‘Bob Ross Was Wrong’: Indie Legend John Lurie Shares Brutal Truths and Art-Making Wisdom on His New HBO Show, ‘Painting With John’
The show's title is a spinoff from Lurie's satirical '90s nature show "Fishing With John."
In the trailer for his new HBO show, the musician, actor, and painter John Lurie pits himself against a much-beloved American television host.
“Bob Ross was wrong. Everybody can’t paint,” Lurie deadpans.
Lurie’s new show, Painting With John—a title that pays homage to his farcical early ’90s nature show Fishing With John, in which he and celebrity guests grappled with the great outdoors—swaps out Bob Ross’s sincerity to advance more irreverent lessons. Lurie’s take on how to live a creative life emphasizes leaning into anything that gives one a childlike sense of wonder, from the humorous to the mischievous.
Speaking to Artnet News, Lurie confesses that he is not actually the “anti-Bob Ross” that the trailer makes him out to be. “I appreciate what he did very much. But I couldn’t resist the idea of poking fun at him for a moment,” Lurie says. “I never thought his trees looked particularly happy.”
The show follows Lurie as he works on his own intricate watercolor paintings from his Caribbean island home. Along the way, the artist regales the viewer with pieces of advice, wound up with tales from his storied past in the bosom of New York’s new wave music art scenes in the ‘70s.
Lurie’s eclectic career spans the founding of the cult jazz ensemble the Lounge Lizards to starring in and scoring Jim Jarmusch’s 1984 indie classic Stranger Than Paradise as well as Martin Scorsese’s The Last Temptation of Christ.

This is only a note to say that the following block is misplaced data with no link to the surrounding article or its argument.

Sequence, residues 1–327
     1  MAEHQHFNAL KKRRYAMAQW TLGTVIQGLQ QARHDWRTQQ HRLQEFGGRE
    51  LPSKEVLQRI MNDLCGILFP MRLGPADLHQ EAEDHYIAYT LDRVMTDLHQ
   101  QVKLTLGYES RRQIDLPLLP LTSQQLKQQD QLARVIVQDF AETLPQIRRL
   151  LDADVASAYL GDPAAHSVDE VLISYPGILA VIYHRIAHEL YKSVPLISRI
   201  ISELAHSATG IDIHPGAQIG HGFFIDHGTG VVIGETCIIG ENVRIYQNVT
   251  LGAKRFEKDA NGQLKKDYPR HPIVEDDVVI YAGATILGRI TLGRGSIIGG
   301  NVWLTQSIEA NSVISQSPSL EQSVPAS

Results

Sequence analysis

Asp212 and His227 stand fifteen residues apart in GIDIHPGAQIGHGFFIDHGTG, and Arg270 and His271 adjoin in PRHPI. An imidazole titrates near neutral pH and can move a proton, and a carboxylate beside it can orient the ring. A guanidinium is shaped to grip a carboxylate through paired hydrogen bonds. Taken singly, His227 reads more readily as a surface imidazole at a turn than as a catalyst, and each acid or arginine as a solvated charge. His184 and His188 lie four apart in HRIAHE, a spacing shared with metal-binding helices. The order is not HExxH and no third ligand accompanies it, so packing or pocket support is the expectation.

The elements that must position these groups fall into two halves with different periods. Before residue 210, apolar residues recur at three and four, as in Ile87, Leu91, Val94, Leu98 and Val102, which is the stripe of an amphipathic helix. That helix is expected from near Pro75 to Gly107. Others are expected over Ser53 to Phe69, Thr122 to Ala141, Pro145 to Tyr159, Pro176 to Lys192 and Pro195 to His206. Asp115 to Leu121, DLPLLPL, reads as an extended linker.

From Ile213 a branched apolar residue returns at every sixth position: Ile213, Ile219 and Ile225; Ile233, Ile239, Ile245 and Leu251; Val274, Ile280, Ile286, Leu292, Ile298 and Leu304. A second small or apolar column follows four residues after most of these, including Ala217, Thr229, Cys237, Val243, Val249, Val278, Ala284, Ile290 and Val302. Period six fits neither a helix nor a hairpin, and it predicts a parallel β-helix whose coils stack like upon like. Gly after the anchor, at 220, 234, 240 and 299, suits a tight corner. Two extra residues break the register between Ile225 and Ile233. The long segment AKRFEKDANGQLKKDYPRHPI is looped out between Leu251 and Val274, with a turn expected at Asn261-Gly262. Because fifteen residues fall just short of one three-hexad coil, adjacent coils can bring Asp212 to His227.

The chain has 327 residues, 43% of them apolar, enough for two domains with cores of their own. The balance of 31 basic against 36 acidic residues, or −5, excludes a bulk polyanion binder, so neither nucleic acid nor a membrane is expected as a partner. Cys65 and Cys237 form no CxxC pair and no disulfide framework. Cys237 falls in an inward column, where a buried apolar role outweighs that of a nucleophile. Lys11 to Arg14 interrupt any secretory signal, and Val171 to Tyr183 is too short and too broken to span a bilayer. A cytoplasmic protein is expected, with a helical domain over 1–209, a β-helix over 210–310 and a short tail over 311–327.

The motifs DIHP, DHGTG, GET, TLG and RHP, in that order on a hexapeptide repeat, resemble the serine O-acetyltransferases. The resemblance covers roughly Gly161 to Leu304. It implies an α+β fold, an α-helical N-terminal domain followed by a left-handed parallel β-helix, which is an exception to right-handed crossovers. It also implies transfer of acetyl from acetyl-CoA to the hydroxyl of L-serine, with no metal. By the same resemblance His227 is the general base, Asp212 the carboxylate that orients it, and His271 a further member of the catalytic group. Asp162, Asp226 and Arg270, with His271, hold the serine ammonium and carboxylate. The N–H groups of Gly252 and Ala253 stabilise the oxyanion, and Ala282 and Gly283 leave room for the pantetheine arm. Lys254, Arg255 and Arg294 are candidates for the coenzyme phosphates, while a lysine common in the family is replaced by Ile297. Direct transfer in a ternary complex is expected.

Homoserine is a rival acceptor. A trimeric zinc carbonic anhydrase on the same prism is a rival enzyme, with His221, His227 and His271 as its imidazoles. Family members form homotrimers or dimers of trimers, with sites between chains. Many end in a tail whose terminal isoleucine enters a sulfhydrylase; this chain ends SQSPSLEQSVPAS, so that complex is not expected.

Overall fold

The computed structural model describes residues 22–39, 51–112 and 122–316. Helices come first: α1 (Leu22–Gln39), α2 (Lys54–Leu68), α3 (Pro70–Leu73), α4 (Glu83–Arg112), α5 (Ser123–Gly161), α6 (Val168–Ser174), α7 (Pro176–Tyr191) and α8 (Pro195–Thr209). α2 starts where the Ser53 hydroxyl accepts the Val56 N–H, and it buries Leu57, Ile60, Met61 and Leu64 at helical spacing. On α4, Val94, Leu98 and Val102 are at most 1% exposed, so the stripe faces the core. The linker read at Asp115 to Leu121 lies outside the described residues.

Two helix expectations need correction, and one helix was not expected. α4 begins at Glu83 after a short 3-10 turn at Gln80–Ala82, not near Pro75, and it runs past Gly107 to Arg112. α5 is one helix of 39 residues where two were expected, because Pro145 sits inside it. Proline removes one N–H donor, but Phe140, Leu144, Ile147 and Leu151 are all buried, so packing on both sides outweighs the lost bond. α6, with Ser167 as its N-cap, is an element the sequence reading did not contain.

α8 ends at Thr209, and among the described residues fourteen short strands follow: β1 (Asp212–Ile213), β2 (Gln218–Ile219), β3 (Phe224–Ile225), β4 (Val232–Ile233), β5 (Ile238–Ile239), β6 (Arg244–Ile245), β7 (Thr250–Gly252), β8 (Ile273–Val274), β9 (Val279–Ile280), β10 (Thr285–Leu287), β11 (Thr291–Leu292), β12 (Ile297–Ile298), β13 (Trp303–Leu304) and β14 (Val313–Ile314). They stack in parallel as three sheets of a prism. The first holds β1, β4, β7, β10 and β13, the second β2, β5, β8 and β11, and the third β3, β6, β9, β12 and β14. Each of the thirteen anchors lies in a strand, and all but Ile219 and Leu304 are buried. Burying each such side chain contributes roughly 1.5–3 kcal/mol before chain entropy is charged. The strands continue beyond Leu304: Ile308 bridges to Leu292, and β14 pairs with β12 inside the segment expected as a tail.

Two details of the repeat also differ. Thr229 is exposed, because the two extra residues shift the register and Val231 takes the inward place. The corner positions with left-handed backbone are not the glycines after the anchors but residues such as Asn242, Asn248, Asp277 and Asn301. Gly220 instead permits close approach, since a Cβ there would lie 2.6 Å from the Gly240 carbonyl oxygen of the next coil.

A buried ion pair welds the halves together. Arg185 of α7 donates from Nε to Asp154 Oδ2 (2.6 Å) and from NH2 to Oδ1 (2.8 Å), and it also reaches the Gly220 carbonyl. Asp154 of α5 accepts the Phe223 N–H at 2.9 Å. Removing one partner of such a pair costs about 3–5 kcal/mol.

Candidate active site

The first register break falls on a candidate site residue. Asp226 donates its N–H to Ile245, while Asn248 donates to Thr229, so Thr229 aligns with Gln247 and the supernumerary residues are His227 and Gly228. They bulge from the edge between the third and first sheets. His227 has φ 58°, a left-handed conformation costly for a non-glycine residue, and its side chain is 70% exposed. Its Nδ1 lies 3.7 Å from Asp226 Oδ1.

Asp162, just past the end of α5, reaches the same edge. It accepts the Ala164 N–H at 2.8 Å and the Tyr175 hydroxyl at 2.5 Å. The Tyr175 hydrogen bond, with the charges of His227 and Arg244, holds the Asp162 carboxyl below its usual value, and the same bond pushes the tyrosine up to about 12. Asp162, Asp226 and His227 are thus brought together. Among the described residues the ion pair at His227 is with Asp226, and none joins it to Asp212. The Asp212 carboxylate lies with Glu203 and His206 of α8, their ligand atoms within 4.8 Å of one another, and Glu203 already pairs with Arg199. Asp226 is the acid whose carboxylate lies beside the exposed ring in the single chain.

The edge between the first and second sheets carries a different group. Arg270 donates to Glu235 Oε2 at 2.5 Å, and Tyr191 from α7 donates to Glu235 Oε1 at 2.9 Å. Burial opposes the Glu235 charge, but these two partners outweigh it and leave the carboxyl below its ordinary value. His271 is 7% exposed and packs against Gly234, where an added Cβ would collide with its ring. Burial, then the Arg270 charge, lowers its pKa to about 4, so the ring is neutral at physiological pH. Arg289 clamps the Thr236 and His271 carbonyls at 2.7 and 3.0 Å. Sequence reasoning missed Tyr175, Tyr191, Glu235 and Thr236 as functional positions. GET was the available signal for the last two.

Lurie, who is 68, has also been painting throughout his life—his mother was an artist who taught painting in Liverpool—but took up the habit even more after a chronic case of Lyme disease contracted in 2000 prevented him from playing music. Lurie’s paintings have been exhibited at the Montreal Museum of Fine Arts, the Mudam Luxembourg, and are housed in MoMA’s permanent collection. One of his primitivist watercolors, Bear Surprise, even gained widespread attention in Russia after it was adapted into an internet meme.
“It is funny how it goes. That Bear Surprise painting is kind of bad on purpose. Same with the ones in the MoMA permanent collection,” Lurie says. “When I started painting full time, early on I would do a painting that was kind of terrible on purpose but write something funny on the painting. So my three most famous paintings are three of my worst.”
The idea for the show grew out of a practical need. Lurie’s assistant started filming him to record his painting process after they found that he would often return to paintings after a few months’ break and not remember the techniques he had been working with when he started. “When I tried to match it, I kind of messed up the painting,” he says.
These informal videos with his assistant turned out to be quite funny, and soon transformed into the idea to create a series of humorous one-minute videos. “I wanted to post little things of us just fooling around on Instagram or on our website to cheer people up a bit during this awful time,” Lurie says. They got someone in to film the series and the collaboration grew into something more long-form, which eventually made its way to HBO’s pitching table.
In between scenes of Lurie cavorting around and rolling tires down a hill, the artist gets serious and opens up about his struggle with Lyme disease and treatment for cancer. He also shares impish details from past lives, including that one time he hung out with Studio 54 founder Steve Rubell doing cocaine in a broom closet.
“I tried to be really honest. I was open about things that I suppose most people would not be. But I think it is immensely important that we all start being honest,” Lurie says.
Despite the comparison that has been drawn with Bob Ross, the meandering show is not really a painting class, but Lurie is still happy to offer up some advice: “Follow what the paint gives you. Maybe don’t even start with an idea. Start with a couple of colors and fool around a bit, then see what you have.”
“You know that thing where you stare at a pattern of something—a cloud, the ceiling, a concrete wall—you can see a unicorn or a man chasing a bear or whatever in the patterns? That will happen with the paint, if you have any imagination at all. Then mold it into something.”
Painting With John is available on HBO and to stream on HBO Max. See the trailer for the show below.
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